Different Types of Car Lifts Guide

Ask any shop owner, automotive technician, and mechanic: what’s the most important investment you can make for your shop or garage? The majority will tell you that your vehicle lifts will be the most crucial. While in-ground types were most popular in the ’80s, today’s advancements in automotive technology and service technology allow the technician to have a larger variety of lifts than ever before with the surface-mounted lifts being the most popular.


In fact, there’s so much variety now that when it comes to choosing the type you need or want, you could easily get bogged down comparing. Whether you’re a new shop owner, an experienced mechanic or a hobbyist and enthusiast, we’ll go over the different types of car lifts and what they can do.


Types of Car Lifts


The average car lift falls under these basic categories:

Two Post Lifts

Four Post Lifts

Scissor Lifts

Portable Lifts



Two post lifts

Two post lifts are the most common and most popular choice for shops all over. They’re surface mounted and most often frame-engaging with swing arms that travel up the two columns. They can be synchronized in a variety of different ways: mechanically, hydraulically or electronically.


Two post lifts are a great choice for the shop just starting out or a small shop as they’re extremely cost-efficient and leave the smaller footprint in a garage for space-saving. These are highly recommended for drive-through garages.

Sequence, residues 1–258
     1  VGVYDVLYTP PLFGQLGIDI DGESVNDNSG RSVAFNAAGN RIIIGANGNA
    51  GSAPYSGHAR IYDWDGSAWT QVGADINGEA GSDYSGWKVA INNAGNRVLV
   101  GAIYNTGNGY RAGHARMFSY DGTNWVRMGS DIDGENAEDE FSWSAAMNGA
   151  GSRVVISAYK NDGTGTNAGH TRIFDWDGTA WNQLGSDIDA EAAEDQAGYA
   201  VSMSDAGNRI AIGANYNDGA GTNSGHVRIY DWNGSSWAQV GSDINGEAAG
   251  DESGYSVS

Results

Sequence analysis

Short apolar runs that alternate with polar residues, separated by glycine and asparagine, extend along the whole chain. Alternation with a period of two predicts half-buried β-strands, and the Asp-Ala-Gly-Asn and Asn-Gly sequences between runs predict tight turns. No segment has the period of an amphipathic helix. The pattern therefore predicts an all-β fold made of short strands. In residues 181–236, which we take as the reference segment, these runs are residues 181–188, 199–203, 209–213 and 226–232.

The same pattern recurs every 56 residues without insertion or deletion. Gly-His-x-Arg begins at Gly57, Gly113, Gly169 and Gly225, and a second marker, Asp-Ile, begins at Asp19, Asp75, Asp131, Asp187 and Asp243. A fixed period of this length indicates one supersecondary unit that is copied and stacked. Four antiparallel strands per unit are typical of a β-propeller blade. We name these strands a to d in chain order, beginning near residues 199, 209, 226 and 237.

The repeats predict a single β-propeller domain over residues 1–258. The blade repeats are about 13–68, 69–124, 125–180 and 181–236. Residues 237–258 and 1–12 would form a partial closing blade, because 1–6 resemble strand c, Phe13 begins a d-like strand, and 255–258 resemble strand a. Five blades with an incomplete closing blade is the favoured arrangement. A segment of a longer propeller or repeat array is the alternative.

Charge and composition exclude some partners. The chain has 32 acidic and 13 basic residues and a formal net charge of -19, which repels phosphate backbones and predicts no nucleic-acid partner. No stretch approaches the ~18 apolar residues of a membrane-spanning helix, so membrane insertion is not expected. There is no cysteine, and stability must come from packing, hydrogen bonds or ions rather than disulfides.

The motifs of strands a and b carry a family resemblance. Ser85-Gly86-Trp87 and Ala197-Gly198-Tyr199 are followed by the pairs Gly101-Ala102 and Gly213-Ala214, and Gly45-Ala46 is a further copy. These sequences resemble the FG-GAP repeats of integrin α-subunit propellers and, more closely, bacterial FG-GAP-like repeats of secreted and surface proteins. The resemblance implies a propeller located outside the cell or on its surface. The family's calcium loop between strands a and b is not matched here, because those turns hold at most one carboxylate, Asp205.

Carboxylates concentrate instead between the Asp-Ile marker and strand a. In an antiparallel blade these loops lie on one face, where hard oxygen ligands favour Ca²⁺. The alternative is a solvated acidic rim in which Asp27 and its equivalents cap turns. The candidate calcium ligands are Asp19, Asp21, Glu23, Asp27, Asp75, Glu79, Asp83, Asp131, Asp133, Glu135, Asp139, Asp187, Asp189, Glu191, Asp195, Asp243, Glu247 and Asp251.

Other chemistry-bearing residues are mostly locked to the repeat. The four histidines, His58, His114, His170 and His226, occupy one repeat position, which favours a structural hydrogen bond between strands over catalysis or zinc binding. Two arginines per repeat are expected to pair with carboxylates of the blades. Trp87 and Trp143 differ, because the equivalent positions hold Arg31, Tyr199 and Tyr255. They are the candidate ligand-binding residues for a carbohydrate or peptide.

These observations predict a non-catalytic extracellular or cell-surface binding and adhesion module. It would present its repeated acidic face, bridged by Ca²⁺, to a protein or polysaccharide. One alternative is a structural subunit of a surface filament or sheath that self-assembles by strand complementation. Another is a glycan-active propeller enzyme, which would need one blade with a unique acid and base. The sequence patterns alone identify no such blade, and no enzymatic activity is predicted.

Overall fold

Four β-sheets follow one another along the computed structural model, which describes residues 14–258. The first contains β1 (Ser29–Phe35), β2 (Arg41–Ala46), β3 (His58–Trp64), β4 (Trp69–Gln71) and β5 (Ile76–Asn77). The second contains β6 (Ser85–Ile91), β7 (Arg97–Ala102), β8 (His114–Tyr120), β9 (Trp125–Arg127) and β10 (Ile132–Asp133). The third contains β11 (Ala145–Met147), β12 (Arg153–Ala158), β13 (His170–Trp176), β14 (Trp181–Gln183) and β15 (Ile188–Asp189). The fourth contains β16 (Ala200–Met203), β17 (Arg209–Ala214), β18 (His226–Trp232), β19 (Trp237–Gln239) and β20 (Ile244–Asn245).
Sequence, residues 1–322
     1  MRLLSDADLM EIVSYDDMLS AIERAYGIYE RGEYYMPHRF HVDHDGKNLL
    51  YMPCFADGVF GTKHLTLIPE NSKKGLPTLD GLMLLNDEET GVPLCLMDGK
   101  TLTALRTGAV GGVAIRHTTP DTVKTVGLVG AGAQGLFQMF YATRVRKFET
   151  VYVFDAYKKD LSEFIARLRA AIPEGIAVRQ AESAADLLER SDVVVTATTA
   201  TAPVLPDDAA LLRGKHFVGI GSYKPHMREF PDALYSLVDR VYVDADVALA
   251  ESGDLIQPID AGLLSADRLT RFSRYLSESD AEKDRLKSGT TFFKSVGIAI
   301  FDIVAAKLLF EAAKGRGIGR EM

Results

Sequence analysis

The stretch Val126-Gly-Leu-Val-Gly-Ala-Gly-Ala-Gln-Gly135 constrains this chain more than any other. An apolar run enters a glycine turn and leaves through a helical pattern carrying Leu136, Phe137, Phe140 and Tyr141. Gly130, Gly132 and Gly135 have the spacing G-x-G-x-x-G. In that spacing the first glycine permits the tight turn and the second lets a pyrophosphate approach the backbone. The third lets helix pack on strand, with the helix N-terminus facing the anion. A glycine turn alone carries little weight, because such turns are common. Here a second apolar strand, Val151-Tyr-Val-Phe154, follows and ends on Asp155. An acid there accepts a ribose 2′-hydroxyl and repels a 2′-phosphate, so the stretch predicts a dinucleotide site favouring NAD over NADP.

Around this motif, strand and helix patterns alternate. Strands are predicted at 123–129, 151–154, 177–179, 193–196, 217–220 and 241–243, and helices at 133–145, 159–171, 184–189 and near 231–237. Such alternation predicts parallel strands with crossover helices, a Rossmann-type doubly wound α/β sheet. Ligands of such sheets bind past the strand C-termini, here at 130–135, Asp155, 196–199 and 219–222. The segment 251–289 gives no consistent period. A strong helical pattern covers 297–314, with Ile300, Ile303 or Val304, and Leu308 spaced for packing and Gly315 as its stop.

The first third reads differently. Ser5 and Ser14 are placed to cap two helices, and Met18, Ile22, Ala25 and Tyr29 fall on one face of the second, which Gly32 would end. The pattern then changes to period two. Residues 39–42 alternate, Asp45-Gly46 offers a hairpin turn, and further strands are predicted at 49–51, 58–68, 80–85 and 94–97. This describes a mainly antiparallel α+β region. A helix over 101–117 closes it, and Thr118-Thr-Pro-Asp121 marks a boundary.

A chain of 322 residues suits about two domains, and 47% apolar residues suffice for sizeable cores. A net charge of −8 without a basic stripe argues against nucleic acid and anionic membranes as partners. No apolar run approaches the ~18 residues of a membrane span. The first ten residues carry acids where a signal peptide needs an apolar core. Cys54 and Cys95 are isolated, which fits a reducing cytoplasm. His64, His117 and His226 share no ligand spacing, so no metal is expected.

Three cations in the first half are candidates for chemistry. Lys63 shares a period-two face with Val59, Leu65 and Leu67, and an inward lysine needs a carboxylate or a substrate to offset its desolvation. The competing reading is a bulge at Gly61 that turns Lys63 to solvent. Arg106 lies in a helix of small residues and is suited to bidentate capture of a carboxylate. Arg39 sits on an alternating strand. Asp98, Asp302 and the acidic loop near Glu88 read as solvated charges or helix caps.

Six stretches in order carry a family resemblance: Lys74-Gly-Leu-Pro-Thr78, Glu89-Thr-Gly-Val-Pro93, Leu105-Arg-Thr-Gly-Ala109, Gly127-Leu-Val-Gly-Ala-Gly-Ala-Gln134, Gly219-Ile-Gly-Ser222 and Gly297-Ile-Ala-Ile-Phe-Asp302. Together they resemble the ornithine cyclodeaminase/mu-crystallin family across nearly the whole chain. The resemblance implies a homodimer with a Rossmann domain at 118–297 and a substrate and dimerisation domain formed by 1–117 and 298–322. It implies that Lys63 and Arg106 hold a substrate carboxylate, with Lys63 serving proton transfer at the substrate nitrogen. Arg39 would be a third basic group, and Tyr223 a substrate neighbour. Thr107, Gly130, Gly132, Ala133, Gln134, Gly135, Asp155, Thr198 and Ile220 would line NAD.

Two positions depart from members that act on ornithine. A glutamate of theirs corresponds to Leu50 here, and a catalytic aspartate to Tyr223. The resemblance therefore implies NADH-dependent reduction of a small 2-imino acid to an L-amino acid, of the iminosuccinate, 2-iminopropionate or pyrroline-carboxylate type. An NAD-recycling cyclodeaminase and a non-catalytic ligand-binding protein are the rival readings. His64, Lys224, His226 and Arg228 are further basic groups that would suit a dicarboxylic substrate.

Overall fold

There are a few different styles to two lift posts. They are:


Symmetrical lifts – These lifts are easy to identify. Their posts face each other directly and support arms assemblies each holds roughly 50% of the load. These lifts do have to be monitored to avoid bumping vehicle doors after you’ve driven it into a position for the lift.


Asymmetrical lifts – These lifts were created with the problem of accidentally hitting vehicle doors. Posts have been rotated at 30-degree angles of each other and the front arms are shorter than the back arms.


These usually require a 220-volt supply.


The biggest advantage to two post lifts is the smaller footprint they make in any shop as well as being extremely affordable for those just starting their business.


Four Post Lifts


Four post lifts are the wheel-engaging type auto lift, known as a type of alignment lift. They’re another of the most common solutions for those in the automotive repair industry. Four posts give additional support and are sturdier than their counterparts, the two post lifts.


Some of the four-post lift versions for the home won’t require anchorage to a floor, they are a great choice for hobbyists and professional technicians alike. Though if you do plan on going with a four-post lift for wheel services, you might want to invest in sliding bridge jacks as well to lift wheels off the runway.


Four post lifts have a wide variety of lifting capacities which can help narrow down a search for a specific weight group.


Open-Front Lift – This four-post lift comes with a front crossbar to easier entering and exiting from beneath the vehicle. It can make front end adjustments faster and less of a hassle.


Closed Front four-post lift – The aforementioned bar is in the front.


Lifting capacity ranges from 6,000lbs, 9,000lbs and even up to 40,000lbs.